Main Differences Between Cloud Hosting And Shared Hosting

Blog Article

 September 26th, 2016

If you conduct a large portion of your daily business via the Internet, you may already be familiar with more traditional types of hosting services, like shared hosting. But did you know that many businesses are choosing to switch over to a cloud hosted server? A staggering 87% of businesses are now operating in the cloud. Many people aren't familiar with the main differences between shared hosting and the newer technology of the cloud, so we've compiled the main differences between the two types.

Shared Hosting

Shared hosting is commonly found in small- and mid-sized businesses. The client pays for a set amount of space or storage on one of the host's servers, and that one server's resources are shared by several other websites. Shared hosting tends to be relatively inexpensive, and because the hosting company is responsible for maintenance, the client doesn't have to manage anything themselves.

However, because the server is shared by several different clients, your own website can suffer when other websites on the server are experiencing spikes in traffic. If your own site experiences a rapid growth in traffic, you may max out the storage you've paid for, and you'll have to purchase more to accommodate for the increased web site visits. If an unrelated site on the same server experiences a security breach, your site can also be affected. Above all, if the server itself has technical difficulties, it impacts every site that server hosts; if the host server is down, then your website goes down, too.

Cloud Web Hosting

Even though shared hosting is viewed as a cost-effective option, it's been reported that 82% of businesses have saved money by moving to a cloud hosting server. In lieu of paying for a set amount of storage up front, you pay for only what you need in terms of resources and maintenance, much like how utilities work. In contrast to shared hosting, which uses one server for many sites, cloud hosting uses multiple servers for one client. This means that if one of your servers goes down, the information is mirrored on the other servers, and there is no downtime for your site. In addition, because different websites do not share storage, it's far more secure than other types of hosting. It's generally a much more resilient, flexible and reliable method for hosting.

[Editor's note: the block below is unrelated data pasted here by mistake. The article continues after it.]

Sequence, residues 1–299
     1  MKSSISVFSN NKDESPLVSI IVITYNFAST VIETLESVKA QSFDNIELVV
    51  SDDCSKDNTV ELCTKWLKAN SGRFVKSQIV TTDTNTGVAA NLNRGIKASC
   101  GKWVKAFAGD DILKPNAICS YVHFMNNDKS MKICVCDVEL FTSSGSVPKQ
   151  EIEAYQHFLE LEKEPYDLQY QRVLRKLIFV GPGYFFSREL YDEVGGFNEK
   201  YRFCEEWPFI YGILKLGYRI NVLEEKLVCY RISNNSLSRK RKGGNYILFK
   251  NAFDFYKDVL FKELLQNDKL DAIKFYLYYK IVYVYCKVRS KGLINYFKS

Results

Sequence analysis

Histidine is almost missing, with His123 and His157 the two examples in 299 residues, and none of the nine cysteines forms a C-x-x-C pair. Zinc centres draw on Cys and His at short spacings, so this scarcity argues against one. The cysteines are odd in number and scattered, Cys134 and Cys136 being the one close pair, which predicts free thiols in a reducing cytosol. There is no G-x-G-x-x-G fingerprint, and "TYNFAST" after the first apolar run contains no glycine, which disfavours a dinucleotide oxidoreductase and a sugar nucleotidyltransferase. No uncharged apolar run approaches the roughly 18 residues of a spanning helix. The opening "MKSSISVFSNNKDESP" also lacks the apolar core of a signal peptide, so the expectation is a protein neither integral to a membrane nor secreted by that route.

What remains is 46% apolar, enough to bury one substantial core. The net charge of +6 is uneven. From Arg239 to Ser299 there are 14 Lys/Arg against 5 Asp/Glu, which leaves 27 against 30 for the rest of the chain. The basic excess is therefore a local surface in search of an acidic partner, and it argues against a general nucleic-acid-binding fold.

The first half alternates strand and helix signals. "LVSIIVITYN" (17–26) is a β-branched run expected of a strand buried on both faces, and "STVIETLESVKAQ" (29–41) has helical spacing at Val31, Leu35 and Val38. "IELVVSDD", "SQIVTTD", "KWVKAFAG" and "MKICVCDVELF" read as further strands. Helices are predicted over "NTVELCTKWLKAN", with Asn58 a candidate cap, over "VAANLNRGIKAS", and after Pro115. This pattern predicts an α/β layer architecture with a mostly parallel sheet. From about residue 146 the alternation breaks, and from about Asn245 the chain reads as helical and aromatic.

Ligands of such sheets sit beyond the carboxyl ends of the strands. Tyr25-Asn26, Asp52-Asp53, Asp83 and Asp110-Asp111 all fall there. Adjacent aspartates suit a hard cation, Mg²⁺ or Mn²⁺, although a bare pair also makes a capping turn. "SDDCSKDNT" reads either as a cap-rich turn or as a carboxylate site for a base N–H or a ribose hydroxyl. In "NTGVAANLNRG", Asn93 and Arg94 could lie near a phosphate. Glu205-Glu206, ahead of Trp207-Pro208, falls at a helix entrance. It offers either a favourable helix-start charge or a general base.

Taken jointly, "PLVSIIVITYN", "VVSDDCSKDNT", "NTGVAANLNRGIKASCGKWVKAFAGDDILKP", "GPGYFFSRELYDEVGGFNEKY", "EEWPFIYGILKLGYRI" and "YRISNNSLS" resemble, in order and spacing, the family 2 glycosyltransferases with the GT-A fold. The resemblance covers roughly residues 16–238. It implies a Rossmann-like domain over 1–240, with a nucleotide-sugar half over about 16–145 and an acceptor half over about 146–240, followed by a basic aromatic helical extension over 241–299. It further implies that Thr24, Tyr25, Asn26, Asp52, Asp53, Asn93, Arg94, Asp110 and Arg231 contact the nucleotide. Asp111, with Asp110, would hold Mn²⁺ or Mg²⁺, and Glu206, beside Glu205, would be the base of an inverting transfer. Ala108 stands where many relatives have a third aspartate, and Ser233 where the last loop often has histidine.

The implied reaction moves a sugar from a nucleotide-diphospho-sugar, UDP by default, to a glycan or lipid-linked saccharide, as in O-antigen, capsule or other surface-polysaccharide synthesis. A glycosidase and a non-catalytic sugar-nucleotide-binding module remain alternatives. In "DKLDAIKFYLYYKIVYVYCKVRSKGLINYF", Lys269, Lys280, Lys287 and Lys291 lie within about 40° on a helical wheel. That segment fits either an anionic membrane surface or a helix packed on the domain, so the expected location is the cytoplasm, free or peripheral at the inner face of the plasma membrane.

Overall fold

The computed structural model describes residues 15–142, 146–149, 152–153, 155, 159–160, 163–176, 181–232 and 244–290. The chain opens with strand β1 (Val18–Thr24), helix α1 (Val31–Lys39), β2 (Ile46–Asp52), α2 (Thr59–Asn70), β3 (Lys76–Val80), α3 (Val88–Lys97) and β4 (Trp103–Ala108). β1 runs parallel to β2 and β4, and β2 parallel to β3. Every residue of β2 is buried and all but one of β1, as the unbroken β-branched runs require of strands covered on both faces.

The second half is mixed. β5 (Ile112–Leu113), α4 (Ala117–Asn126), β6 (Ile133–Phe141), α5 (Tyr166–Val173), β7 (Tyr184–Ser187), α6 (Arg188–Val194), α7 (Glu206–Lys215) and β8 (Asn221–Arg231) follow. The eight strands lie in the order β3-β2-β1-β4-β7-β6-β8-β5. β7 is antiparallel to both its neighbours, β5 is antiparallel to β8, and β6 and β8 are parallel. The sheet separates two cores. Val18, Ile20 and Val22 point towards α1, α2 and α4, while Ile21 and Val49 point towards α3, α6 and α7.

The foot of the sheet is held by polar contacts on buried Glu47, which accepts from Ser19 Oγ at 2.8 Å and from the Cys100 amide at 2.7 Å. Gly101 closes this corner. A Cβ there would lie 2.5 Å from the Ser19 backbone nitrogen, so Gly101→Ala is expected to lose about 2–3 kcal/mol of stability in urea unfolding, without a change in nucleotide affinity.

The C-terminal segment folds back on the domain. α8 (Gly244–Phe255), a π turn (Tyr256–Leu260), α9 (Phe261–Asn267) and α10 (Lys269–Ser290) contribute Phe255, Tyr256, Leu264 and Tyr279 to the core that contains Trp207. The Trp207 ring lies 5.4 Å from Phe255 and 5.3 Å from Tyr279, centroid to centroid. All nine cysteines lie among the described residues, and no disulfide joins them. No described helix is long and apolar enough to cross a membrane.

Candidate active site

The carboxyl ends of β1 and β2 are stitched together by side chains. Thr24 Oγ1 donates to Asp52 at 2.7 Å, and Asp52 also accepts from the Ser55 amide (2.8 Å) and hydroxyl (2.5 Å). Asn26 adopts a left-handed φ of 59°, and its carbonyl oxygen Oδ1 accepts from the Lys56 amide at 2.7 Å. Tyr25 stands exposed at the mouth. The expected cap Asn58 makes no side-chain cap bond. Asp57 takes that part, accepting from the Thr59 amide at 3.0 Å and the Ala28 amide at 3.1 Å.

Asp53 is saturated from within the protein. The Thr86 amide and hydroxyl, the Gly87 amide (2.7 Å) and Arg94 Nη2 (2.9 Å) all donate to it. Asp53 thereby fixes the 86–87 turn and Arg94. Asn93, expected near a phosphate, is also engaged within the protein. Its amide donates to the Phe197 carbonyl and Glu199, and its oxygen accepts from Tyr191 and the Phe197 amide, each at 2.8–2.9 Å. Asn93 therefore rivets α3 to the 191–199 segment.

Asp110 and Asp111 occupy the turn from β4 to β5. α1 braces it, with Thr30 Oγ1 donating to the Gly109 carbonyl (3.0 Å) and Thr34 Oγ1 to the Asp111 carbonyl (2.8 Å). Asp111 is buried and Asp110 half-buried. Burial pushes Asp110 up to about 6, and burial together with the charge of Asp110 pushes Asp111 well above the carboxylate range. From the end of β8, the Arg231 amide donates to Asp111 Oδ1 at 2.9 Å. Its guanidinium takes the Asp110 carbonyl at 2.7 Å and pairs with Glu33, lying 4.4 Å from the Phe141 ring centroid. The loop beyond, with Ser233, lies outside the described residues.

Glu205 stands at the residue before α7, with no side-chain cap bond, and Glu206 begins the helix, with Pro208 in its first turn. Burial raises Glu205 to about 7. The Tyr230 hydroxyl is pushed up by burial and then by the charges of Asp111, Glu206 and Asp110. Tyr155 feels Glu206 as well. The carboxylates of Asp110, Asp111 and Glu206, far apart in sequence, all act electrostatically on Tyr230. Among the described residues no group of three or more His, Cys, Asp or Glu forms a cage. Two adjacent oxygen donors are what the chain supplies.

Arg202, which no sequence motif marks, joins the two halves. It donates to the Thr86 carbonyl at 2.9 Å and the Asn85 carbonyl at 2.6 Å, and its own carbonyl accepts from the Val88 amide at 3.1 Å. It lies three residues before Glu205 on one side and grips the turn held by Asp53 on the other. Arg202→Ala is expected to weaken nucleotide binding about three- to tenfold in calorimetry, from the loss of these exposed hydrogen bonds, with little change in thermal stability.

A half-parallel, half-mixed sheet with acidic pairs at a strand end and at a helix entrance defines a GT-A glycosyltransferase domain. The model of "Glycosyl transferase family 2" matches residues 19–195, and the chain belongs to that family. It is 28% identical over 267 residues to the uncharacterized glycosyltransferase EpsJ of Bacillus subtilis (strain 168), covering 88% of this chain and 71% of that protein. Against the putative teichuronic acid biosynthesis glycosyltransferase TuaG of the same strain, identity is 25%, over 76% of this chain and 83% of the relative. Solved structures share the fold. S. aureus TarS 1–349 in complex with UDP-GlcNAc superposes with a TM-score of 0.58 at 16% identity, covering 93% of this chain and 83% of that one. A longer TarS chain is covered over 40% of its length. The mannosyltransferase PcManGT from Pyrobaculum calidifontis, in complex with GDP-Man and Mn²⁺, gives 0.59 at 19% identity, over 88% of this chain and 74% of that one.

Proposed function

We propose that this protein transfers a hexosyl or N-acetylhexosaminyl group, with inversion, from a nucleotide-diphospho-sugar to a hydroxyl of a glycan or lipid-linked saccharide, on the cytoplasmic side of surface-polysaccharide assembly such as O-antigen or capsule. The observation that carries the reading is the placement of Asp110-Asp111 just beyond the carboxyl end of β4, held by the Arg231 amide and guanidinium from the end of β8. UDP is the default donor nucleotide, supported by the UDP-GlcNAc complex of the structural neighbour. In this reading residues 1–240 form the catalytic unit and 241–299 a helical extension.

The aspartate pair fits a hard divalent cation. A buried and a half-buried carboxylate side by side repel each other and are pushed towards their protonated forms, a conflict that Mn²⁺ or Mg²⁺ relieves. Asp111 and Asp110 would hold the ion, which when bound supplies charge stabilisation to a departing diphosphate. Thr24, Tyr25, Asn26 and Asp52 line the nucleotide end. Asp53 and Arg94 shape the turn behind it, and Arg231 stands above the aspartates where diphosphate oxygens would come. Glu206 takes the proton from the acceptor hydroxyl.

Although both types of servers can help your company, the improved features of cloud storage may be of interest to you. Choosing to switch to a cloud hosted server can benefit your organization in countless ways. From increased flexibility to heightened security, cloud based storage has a lot of pros. If you're interested in moving to a cloud hosted server, contact us today.

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